The sight of Sea Hunter leaving the Tyne for a coast hugging voyage to Barrow in Furness on the opposite side of the UK is a reminder of the work that naval shipbuilding has brought to coastal traffic.
Which, in recent years has seen large sections of the aircraft carriers being assembled at Rosyth brought from the disparate UK yards that have manufactured them.
The Sea Hunter 2,443,’90 voyage may be a variant of this business, taking engineering sections loaded from the former Swans yard on the Tyne to Barrow where a large new covered facility is taking shape there that will be tasked with constructing the new series of nuclear missile subs should the government give the Trident replacement programme the go ahead. As I write, the well travelled Sea Hunter, managed by Gillie and Blair, is around Lands End heading for Waterford.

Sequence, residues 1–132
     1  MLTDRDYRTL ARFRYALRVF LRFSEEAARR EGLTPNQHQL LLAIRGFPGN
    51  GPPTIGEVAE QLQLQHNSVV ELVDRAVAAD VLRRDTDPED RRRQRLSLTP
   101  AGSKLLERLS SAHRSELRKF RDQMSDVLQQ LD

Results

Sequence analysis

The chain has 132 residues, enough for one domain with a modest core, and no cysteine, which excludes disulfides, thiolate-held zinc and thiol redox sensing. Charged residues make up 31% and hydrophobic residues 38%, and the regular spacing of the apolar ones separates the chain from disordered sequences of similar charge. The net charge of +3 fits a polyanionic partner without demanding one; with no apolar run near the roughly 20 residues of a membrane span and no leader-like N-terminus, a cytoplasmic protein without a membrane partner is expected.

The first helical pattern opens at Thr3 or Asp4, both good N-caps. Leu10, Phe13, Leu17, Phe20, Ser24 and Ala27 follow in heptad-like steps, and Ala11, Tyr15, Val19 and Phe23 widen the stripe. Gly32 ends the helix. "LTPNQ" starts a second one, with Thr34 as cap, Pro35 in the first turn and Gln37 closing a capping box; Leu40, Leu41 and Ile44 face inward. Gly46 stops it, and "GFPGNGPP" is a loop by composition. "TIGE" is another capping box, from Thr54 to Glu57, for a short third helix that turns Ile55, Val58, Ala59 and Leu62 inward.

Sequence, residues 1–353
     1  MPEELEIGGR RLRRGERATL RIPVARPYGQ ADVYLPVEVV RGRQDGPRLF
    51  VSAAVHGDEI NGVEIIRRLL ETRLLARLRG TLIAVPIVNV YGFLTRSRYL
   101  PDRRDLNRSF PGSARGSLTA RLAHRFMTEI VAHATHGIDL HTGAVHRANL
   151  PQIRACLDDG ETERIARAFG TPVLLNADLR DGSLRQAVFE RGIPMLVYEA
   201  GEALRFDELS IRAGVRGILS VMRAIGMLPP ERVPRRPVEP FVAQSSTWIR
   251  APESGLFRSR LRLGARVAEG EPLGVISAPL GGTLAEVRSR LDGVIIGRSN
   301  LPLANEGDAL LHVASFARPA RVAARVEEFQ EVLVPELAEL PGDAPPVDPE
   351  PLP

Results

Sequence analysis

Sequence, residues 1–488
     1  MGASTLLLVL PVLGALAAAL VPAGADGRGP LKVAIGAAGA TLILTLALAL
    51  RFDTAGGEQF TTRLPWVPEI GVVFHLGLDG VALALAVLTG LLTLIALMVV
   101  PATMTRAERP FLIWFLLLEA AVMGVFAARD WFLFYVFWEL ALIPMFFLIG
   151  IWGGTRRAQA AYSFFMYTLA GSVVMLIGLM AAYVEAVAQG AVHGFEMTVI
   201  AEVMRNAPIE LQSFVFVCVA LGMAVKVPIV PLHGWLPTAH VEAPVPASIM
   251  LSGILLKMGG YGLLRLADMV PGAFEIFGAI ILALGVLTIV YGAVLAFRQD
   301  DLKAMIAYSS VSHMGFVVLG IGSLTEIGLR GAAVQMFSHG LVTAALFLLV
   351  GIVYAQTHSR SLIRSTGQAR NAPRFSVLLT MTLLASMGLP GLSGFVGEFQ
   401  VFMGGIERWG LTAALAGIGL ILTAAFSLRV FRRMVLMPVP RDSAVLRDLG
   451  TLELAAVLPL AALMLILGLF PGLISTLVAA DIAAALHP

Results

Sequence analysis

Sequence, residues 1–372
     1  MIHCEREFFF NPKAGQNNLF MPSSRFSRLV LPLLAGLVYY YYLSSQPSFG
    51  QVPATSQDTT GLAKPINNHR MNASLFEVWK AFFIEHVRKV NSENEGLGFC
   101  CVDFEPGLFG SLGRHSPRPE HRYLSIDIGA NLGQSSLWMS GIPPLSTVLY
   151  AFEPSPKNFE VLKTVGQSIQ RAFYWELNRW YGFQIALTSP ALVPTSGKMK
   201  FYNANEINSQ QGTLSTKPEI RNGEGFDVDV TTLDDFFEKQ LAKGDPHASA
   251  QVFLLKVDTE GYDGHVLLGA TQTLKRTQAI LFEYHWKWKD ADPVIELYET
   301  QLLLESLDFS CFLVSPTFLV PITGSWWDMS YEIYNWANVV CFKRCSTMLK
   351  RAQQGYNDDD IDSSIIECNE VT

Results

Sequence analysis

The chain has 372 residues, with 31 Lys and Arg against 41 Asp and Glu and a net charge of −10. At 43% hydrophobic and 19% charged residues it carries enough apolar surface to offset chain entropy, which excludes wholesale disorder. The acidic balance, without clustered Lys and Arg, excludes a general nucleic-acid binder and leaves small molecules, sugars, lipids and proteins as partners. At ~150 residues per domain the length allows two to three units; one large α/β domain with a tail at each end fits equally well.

If this navy linked traffic is an example of the massive injection of government (i.e. public) money helping to keep the economy turning, then the little Scottish freighter Burhou I is another. A diversion from her usual timber tramping often from Argyll to Workington, found her recently making upto 16 short voyages from Furnace on Loch Fyne to Arran, bringing rock armour to help the expansion of the Brodick ferry terminal. Furnace quarry uses the site and quay of a charcoal fuelled iron furnace built by Cumbrian and Lancashire iron masters (from near Barrow in Furness!) in the mid 1700s when their own sources of charcoal were running out.
Also usually involved in the timber trade, the bow ramp landing craft type freighter Red Princess followed up her recent stint as emergency car ferry (see last month’s Ferry World) with a contract to shuttle the required pre cast sections for the Brodick terminal from Larne. She is a handy craft to have around on the West Coast of Scotland and a worthy import after her initial career as a ferry in Greece where she was built.